• I, too, read the article about Ms. Wang and concluded that she was acting out because she just couldn’t cut it. I figured she should be grateful for the experience and therefore willing to do whatever it took. Then, I sat back and thought about my own profession–the law. Legal interns (called summer associates) at big firms (the Hearts of the business) make somewhere around $3K a week. Finance interns stand to make a lot too. With this in mind, I’ve been trying to pinpoint what it is about the entertainment and publishing industries that distinguishes them from those on Wall St. It can’t be that fashion and magazine interns are working any less than those in finance or the law. Is there something to be said for the glitz and the perks of the former? Do companies exploit young people’s (really all people’s) visceral desire to be near the lights? Does that same desire compel the interns to accept low wages and bad treatment? I’d love to hear what people have to think.

    • trisha

      Grateful is good but you should either get experience you can use or be paid accordingly free labor is no go. Thanks.

    • I agree. As I think about it more, I’m more inclined to be be against what goes on in the fashion and publishing industries. I say this because another commenter made me see this as a class mobility issue. I think the current system fosters nepotism and denies access to minority and lower class students who simply cannot afford to do these jobs under any circumstances. Even those of us who “paid our dues” should be mindful of our own privilege to be able to do so. Dare I say, unpaid internships in these fields likely contribute to the lack of diversity, which is a shame. And I do not believe for a second that the phenomenon is completely unintentional.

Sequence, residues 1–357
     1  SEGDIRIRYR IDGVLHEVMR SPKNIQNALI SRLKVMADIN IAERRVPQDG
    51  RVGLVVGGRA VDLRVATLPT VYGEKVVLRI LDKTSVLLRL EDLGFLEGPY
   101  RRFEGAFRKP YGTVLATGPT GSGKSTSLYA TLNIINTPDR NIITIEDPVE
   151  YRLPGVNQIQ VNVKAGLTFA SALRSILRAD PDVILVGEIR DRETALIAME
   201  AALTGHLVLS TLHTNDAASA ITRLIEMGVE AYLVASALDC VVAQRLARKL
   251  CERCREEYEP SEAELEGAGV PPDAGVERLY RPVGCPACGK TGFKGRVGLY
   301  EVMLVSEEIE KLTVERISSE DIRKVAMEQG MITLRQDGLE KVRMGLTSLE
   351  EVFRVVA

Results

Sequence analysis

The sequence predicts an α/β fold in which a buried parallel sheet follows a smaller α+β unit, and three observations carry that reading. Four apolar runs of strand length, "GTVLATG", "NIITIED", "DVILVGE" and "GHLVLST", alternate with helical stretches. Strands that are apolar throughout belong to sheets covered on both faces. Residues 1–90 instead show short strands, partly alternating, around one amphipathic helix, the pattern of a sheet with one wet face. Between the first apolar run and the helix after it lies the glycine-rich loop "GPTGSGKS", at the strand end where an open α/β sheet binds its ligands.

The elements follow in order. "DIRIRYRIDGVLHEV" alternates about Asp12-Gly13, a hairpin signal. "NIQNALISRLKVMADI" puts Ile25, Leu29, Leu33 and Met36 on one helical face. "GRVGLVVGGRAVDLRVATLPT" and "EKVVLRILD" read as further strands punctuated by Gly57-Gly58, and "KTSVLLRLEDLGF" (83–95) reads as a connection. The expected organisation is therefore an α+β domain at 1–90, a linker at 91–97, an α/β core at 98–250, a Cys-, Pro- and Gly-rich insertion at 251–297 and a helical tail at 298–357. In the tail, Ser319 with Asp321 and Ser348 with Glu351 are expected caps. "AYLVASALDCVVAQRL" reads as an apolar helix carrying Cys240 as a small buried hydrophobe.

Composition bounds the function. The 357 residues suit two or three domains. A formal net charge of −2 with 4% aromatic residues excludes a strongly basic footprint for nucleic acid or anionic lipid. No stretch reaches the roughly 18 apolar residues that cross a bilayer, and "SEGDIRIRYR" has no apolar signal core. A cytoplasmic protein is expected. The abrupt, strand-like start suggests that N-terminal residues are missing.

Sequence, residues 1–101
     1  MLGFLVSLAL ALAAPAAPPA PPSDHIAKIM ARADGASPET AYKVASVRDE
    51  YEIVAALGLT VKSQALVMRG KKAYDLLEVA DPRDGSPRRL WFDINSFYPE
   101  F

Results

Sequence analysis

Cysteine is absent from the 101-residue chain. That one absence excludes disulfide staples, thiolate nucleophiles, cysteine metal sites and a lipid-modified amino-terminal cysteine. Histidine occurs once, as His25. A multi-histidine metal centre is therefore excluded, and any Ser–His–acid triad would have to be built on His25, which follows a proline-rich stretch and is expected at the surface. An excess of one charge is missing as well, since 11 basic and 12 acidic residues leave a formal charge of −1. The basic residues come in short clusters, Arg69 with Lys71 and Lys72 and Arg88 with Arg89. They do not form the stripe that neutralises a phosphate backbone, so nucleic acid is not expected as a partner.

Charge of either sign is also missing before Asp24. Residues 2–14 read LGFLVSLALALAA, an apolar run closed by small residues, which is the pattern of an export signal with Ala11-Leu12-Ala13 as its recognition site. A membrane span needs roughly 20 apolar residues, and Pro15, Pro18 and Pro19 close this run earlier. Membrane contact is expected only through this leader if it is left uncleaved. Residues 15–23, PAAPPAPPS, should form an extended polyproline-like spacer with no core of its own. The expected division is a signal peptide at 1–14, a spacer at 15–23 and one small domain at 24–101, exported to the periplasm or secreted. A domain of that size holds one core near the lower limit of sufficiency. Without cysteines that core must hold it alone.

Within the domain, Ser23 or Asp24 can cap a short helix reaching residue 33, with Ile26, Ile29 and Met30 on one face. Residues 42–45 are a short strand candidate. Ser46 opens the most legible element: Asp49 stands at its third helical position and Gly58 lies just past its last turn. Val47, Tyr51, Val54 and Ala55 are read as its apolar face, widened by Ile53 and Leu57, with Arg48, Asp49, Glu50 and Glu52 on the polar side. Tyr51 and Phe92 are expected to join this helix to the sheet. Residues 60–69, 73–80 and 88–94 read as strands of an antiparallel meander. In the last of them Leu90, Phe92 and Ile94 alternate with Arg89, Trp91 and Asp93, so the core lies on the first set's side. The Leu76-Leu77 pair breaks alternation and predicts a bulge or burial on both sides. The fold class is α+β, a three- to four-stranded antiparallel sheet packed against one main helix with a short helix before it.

• Johanna

      I loved your last reply about how unpaid internships seem to maintain the “status quo” of the communications and fashion industry. The few minorities that work in these fields have wealthy benefactors or parents who can finance years of unpaid internships. I would venture to say that media and fashion make just as much as finance, and gross way more than the legal field. So, the fact that you have interns making upwards to ten thousand dollars a week in one industry and zilch in another is completely discretionary.

      Fashion is notorious for exploiting the lower-level workers in the industry, and because there is not a serious government crackdown, the higher-ups continue to belabor “the little people”. These folks are not going to give your colored- behind a job if you work and not complain no more than if you did exactly as Xuedan Wang did.